John kicked off today’s Skills session by talking about the different materials and tools he had employed in constructing model buildings over the years. Card, plasticard, balsa wood and plywood in different thicknesses had all been used at various times. In the case of card John had often laminated different sheets (at right angles to each other to avoid warping) for added strength.
Tim then went on to talk about his particular interest in industrial buildings and how he had studied the brewery complex at Guinness’s Park Royal and learnt the various functions of each building. He then showed us some examples that he had built for his own brewery layout. These had been constructed from 10mm foam board, in some cases four storeys high, and used both as scene blockers and to create interest in a prototypically high intensity industrial setting.
Tim demonstrated his method of constructing buildings in this material showing us how he joined the board and inserted window frames. Tim faces his buildings with brick plasticard which he then paints picking out odd coloured bricks.
He fixes the plasticard to the foam board with double sided sticky tape although it was suggested that UHU glue could be used instead to give more manoeuvrability before fixing on a final position. Brick plasticard comes in a number of different bond styles, so if modelling a specific prototype, it will be necessary to have regard to the bond employed and also the colour of the bricks used.
John then showed us a number of examples of buildings, both kit and scratch built, that he had made over the years and spoke about how he had made them and what he had done to enhance them. The method he adopts when cutting plasticard is to lightly make a first accurate cut before following the same line with further deeper cuts until the plasticard can be snapped along the cut line.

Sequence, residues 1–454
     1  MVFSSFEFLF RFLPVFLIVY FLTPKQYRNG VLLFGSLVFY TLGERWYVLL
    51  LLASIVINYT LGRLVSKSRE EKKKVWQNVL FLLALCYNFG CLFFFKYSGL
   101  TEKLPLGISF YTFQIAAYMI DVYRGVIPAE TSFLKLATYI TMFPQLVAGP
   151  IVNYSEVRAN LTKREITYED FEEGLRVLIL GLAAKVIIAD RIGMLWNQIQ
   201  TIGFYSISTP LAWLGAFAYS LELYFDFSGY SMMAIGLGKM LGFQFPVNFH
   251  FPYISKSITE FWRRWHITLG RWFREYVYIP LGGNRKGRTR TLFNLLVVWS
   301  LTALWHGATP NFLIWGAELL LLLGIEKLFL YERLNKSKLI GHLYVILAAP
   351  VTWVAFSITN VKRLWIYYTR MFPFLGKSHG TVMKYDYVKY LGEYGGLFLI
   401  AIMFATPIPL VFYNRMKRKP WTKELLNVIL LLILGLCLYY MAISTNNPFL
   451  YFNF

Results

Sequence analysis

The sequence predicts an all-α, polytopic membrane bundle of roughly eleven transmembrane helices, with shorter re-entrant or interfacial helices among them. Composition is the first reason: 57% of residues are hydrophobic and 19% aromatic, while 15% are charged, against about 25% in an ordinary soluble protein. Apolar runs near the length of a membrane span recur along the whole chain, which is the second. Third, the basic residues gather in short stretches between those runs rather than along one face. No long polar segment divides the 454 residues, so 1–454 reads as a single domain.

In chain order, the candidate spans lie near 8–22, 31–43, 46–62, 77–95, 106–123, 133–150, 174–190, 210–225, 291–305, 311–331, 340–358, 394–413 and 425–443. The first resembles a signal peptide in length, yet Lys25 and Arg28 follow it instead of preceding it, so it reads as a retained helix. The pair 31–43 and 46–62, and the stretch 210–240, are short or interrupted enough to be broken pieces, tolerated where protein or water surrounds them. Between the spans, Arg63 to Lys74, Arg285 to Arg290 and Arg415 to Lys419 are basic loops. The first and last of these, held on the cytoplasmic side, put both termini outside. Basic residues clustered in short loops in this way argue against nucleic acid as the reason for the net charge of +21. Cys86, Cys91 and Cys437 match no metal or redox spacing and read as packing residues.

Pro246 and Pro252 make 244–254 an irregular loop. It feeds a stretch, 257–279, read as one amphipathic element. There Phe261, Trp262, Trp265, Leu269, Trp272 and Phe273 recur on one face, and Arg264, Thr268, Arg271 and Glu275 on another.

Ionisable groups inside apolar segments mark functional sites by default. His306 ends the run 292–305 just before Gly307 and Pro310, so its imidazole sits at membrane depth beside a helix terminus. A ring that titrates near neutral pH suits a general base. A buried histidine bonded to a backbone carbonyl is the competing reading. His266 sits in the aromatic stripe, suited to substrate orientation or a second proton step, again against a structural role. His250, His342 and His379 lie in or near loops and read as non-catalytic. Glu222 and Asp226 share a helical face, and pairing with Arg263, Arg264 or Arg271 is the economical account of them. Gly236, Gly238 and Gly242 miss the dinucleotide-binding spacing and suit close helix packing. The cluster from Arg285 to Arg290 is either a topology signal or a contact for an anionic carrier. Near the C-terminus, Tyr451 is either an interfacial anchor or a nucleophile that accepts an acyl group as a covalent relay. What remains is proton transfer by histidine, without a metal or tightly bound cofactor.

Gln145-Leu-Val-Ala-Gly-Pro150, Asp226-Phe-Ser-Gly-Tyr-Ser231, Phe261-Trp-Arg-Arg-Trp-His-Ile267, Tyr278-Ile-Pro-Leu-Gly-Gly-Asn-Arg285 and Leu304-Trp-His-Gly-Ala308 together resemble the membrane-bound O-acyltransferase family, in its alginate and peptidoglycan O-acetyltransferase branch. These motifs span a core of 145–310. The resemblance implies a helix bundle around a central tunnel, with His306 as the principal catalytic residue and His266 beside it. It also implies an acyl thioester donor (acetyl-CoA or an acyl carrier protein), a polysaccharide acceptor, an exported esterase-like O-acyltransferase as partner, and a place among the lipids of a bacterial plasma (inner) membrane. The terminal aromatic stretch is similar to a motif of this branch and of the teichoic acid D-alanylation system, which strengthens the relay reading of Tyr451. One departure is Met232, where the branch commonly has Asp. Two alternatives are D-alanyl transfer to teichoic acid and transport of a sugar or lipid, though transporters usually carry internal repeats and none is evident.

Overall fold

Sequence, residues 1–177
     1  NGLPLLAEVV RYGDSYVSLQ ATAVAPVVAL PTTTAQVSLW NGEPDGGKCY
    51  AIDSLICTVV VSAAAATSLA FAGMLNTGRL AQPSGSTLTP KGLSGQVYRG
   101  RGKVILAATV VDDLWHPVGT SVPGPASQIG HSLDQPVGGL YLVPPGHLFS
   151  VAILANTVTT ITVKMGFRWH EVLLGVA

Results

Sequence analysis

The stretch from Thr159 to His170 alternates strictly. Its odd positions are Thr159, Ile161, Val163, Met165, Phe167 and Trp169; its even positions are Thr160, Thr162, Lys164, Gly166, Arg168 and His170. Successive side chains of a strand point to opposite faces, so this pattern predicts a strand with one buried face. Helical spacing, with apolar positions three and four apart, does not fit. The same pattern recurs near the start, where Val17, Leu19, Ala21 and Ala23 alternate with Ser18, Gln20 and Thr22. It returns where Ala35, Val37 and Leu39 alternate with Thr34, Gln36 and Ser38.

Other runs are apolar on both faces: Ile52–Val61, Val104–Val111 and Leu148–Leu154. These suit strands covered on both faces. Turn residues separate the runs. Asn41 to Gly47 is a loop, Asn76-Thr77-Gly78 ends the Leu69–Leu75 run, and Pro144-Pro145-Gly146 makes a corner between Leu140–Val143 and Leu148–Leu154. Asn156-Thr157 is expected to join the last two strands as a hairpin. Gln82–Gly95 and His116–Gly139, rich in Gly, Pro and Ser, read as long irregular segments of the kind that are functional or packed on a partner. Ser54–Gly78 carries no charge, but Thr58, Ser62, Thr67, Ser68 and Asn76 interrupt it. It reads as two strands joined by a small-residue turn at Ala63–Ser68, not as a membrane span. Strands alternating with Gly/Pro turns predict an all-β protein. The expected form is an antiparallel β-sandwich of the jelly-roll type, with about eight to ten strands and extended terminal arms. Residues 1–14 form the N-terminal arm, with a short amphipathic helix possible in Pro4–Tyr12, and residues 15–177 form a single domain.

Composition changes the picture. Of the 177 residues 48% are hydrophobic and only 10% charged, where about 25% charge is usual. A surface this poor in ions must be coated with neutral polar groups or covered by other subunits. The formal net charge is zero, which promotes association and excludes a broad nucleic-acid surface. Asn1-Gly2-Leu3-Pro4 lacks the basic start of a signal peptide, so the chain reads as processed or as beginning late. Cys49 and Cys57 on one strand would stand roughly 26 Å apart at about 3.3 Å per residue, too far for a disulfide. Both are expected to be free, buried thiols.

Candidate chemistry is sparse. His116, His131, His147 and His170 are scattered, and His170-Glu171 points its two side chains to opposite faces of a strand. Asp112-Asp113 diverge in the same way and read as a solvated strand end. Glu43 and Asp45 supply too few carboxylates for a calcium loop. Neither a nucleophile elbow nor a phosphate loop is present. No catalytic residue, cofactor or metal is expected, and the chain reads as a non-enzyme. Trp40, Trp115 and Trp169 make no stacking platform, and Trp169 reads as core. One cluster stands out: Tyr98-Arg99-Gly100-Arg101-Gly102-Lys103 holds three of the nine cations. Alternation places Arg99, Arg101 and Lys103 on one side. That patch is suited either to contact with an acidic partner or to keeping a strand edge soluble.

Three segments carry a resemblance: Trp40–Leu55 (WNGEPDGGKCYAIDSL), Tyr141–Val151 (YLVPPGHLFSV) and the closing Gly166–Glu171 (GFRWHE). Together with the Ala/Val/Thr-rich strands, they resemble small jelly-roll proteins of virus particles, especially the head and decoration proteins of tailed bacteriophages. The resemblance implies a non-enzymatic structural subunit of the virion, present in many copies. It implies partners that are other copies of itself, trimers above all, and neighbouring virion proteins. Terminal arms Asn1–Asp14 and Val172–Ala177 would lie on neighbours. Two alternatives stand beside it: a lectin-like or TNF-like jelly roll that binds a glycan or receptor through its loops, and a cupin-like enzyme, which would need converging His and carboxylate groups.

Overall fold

This he said avoids the problem of the plasticard moving while being cut. Another solution could be to use a cutting ruler with a rubber strip.
Several people had brought in some of their own models and then showed them to the group. Fred had been working on small yard featuring a wagon turntable and two buildings, one with a curved roof that he had fashioned by placing plasticard in hot water.
Rob then showed a variety of buildings including a very fine Pluckley oast house, an ex-LSWR signal box, an Isle of Wight engine shed and some European buildings he had seen on his travels.
Roger had also brought in a selection including a diorama with some huts, a station building and an old shed.
Finally, Ross showed a model he had made of the old print shop at Rolvenden complete with a milk bottle on the window sill. This model had been instantly recognised by the former curator of the K&ESR museum other than which there could be no greater accolade.
After a very interesting and informative session we then had a final cup of tea or coffee courtesy of our deputy catering manager for the day, John, packed everything away and wended our way home.